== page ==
This is probably one of the most frequently asked questions. Therefore, I have written an article specially regarding deductible expenses and possible tax deductions.
The income tax return for 2019 must be submitted by 30th of June 2020 at the latest.
Anyone who has to pay something and wants the tax office to collect this automatically from the bank account on the 30th of June must submit the declaration by 25th of June 2020 at the latest.
It is possible to divide the payment into 2 installments (without interests), the fist payment is then normally 60% on the 30th of June and the second payment is 40% on the 5th of November 2020.
Please note that the Tax Office always charges the amount on the last day. So even if you file today, the money will be debited on the 30th of June and the 5th of November 2020.
On the other hand, if you expect a tax refund, the Tax Office has 6 months to pay this to you, but often they already refund it one week after submitting the form.
So I can only recommend to do the return early.
One can either prepare and submit the income tax return on his own or have it prepared and filed by a tax advisor.
Everyone can fill in and submit his income tax return by himself through the website of the Spanish Tax Office.
The Spanish tax office also provides extensive information on the income tax return (in Spanish).
For most taxpayers, there is already a so-called "Borrador" online, that is a draft for the income tax return, in which the Tax Office has already entered all known income (for example, everything that employers, banks and since 2018 also the Internet portals for vacation rentals have already reported).
I recommend not simply confirming this draft, but at least checking it, because, for example, foreign income (and taxes already paid abroad) are not automatically included, not all tax deductions are automatically made, but must be declared actively (for example, for rental costs, certain educational expenses for children, ...). Likewise, the Tax Office can not always know how long somebody rented out a second home, and how long it was vacant.
Of course you can also have your tax return prepared by a tax consultant. This saves time and nerves and is especially recommendable for those who do not speak Spanish well enough, or have multiple income from different sources and/or different countries, and for all who simply not want to spend their time with it.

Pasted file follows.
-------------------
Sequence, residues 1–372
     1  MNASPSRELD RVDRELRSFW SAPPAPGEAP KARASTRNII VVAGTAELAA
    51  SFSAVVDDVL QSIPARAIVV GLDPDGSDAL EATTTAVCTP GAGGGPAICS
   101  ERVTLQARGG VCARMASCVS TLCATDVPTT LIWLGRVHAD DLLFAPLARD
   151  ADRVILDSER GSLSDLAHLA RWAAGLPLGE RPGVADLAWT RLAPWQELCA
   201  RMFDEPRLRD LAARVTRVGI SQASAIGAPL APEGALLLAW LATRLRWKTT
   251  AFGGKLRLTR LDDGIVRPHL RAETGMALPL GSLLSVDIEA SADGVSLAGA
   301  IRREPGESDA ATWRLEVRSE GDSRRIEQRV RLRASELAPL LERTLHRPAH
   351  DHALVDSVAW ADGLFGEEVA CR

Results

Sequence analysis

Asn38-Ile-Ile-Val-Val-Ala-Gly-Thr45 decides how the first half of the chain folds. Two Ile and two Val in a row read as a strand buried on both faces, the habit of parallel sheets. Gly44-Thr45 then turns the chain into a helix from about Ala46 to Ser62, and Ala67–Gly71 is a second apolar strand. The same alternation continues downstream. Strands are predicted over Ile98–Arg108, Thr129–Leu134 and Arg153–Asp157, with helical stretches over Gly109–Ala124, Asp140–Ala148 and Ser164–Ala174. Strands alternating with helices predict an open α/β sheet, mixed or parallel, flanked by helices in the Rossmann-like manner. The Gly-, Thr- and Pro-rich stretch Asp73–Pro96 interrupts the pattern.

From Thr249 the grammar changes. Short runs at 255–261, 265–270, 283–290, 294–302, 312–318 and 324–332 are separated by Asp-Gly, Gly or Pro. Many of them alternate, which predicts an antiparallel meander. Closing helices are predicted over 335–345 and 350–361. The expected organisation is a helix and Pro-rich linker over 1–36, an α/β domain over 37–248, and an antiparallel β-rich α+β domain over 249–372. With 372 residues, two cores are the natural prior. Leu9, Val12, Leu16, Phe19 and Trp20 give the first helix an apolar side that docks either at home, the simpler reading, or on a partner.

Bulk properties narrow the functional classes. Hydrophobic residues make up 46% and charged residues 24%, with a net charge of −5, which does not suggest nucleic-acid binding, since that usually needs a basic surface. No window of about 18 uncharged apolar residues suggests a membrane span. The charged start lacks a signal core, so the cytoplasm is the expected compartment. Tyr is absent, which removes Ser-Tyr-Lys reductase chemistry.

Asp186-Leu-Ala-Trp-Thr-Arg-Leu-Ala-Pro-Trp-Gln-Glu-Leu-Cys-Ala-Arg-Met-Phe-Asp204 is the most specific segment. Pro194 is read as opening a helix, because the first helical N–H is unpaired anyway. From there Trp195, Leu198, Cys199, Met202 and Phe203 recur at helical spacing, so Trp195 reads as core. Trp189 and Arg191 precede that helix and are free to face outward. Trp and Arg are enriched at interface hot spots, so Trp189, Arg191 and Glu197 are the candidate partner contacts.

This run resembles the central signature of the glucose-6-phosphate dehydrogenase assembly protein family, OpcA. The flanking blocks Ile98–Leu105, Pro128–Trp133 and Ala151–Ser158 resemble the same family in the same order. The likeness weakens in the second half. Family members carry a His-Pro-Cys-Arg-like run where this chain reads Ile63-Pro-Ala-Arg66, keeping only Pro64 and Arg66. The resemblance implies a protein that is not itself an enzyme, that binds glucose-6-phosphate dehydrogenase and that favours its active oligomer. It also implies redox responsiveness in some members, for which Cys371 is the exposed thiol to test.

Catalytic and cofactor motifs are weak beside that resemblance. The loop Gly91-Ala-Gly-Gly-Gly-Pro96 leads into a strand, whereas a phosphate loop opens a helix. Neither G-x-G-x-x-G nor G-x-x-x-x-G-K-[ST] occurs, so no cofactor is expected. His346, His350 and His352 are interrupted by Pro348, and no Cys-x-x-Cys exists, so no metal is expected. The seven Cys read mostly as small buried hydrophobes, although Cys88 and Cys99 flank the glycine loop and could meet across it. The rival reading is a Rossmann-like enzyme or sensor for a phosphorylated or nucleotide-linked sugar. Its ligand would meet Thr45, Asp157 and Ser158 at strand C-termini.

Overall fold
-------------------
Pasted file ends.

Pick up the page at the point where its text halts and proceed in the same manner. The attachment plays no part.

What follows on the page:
This article is intended to give an overview on the subject of the income tax return of residents in Spain ("Declaración de la Renta", Modelo 100), but it can never replace a personal consultation and analysis of the individual case.
The deadline for filing the tax return regarding the calendar year 2019 is the 30th of June of 2020. If you want the payment to be debited from your bank account, you must submit the declaration by the 25th of June at the latest.
If there are no particular difficulties, for example in case of someone who only has income from work and interests in Spain, this person can probably prepare and file the tax return on his own. Spain is very progressive, everything can be submitted online and there are also extensive information possibilities on the website of the Tax Office (although often only in Spanish).
In case the situation is not so easy (for example: complicated family situation, self- employment, income from real estate, foreign income, etc.), I would recommend having your income tax return prepared by someone who is familiar with Spanish taxes.
You would like to do your tax declaration on your own, but have questions about it at some points? Please feel free to arrange a consultation with me!
You don´t really have the time or just don´t want to do your tax return by yourself, reading endless instructions and being on hold at the Tax Office? No problem: Just let me prepare your income tax return!
I request all necessary information from you, answer your questions, prepare the tax return and submit it after your OK.
It is that easy.